By Yasin Ebrahim
Investing.com — The Dow reversed gains to close lower Tuesday, as tech’s attempt to rebound failed following data that fueled debate on whether inflation was nearing a peak.
The Dow Jones Industrial Average slipped 0.26%, or 87 points, the S&P 500 fell 0.33%, and the Nasdaq fell 0.30%.
The consumer price index, or CPI, climbed to 8.5% in the 12 months through March, above economists’ forecasts of 8.4%, but it was the core CPI, which excludes food and energy, that dominated investor attention.
The core CPI rose 0.3% in March, slower than economists’ forecast for a rise of 0.5%, led by a “larger-than-expected decline in core goods prices alongside a surprising miss in rents,” Morgan Stanley said in a note.
Some on Wall Street aren’t getting carried away, warning that there is still a long way to go for inflation to return to the Federal Reserve’s 2% target.
“[W]hile today’s report is encouraging, the Fed is a long way away from claiming victory and will have to remain in inflation-fighting mode,” Jefferies said in a note.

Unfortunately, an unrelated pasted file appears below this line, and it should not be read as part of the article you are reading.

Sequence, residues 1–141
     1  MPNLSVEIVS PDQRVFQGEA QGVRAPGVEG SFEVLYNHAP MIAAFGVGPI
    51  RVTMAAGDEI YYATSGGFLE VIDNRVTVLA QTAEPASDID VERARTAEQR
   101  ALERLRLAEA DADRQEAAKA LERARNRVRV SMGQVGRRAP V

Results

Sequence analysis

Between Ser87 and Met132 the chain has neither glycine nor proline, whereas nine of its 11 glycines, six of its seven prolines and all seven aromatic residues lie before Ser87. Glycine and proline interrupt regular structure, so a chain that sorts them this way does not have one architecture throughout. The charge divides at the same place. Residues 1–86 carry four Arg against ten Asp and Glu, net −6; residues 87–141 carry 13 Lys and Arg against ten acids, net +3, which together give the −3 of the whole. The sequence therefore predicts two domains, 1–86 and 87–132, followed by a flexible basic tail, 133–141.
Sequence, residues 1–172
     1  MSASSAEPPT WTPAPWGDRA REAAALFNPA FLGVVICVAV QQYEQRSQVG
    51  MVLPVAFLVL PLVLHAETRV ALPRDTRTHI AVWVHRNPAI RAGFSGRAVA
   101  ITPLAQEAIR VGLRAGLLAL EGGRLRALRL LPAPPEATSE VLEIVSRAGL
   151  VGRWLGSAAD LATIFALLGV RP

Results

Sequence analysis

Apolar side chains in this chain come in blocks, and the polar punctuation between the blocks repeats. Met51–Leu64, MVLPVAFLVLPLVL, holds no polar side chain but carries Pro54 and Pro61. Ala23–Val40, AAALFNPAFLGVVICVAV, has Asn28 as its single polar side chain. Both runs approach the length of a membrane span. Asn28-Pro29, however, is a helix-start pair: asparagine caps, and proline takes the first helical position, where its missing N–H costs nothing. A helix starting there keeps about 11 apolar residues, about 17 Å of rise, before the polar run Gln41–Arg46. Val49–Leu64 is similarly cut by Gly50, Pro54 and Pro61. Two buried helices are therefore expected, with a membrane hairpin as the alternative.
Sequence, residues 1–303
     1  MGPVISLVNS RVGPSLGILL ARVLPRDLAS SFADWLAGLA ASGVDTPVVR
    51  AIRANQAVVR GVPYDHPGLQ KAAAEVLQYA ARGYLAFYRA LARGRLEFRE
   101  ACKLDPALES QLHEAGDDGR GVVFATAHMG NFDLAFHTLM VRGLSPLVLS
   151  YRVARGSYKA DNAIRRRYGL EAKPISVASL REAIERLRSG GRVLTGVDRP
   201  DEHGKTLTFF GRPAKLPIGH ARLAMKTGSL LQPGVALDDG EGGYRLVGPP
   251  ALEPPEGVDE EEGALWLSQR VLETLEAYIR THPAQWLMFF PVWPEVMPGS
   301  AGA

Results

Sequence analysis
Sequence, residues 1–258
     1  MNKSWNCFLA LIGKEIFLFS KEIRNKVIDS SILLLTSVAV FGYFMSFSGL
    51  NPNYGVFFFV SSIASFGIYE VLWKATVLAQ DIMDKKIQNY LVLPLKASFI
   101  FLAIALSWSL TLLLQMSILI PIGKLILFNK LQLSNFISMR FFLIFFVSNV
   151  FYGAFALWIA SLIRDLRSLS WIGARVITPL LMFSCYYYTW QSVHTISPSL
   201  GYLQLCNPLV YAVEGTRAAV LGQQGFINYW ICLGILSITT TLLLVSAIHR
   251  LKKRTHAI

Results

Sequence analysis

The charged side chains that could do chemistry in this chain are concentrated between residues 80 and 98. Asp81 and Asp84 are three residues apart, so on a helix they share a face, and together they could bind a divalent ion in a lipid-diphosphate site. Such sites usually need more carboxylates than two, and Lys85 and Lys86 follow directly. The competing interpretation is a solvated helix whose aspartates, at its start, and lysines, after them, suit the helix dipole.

U.S. Treasury yields took a breather following the data, briefly helping growth sectors of the market including tech catch a bid.
Energy stocks were the biggest gainer in the wake of surging oil prices as global demand worries eased after Shanghai curbed some of its Covid-19 restrictions.
Marathon Oil (NYSE:MRO), Devon Energy (NYSE:DVN), Diamondback Energy (NASDAQ:FANG) led the gains in the energy sector.
Losses in consumer discretionary stocks were limited by rising restaurant stocks after Citi highlighted Chipotle Mexican Grill (NYSE:CMG), Darden Restaurants (NYSE:DRI), and Texas Roadhouse (NASDAQ:TXRH) as opportunities with the most upside that can ride out the waning reopening boost and the impact of labor shortages.
CarMax (NYSE:KMX) fell more than 9% after reporting mixed quarterly results as earnings fell short estimates on declining sales volumes.
Bank stocks struggled a day ahead of JPMorgan (NYSE:JPM) quarterly results as falling Treasury yields weighed.
In other news, PG&E (NYSE:PCG) rose 3% after it agreed to pay a $55 million settlement over two fires in Northern California.
Sentiment was also hurt by fading hopes of the Russia-Ukraine ceasefire as both sides prepare for an intense battle in the eastern Ukraine region of Donbas.
Russia President Vladimir Putin said talks with Ukraine “have again returned to a dead-end situation for us” after Moscow was accused of committing war crimes in Bucha,